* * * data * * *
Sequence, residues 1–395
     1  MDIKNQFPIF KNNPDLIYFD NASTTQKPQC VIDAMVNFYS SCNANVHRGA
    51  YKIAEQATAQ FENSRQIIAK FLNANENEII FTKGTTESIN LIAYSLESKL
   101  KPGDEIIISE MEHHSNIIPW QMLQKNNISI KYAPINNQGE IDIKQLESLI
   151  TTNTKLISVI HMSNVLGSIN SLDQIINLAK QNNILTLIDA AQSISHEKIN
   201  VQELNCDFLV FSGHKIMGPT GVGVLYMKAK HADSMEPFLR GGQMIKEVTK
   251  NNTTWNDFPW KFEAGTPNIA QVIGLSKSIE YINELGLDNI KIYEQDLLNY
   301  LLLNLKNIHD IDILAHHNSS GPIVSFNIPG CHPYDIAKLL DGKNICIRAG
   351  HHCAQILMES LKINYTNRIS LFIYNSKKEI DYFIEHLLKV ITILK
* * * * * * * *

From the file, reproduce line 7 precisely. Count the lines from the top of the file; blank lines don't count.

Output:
   251  NNTTWNDFPW KFEAGTPNIA QVIGLSKSIE YINELGLDNI KIYEQDLLNY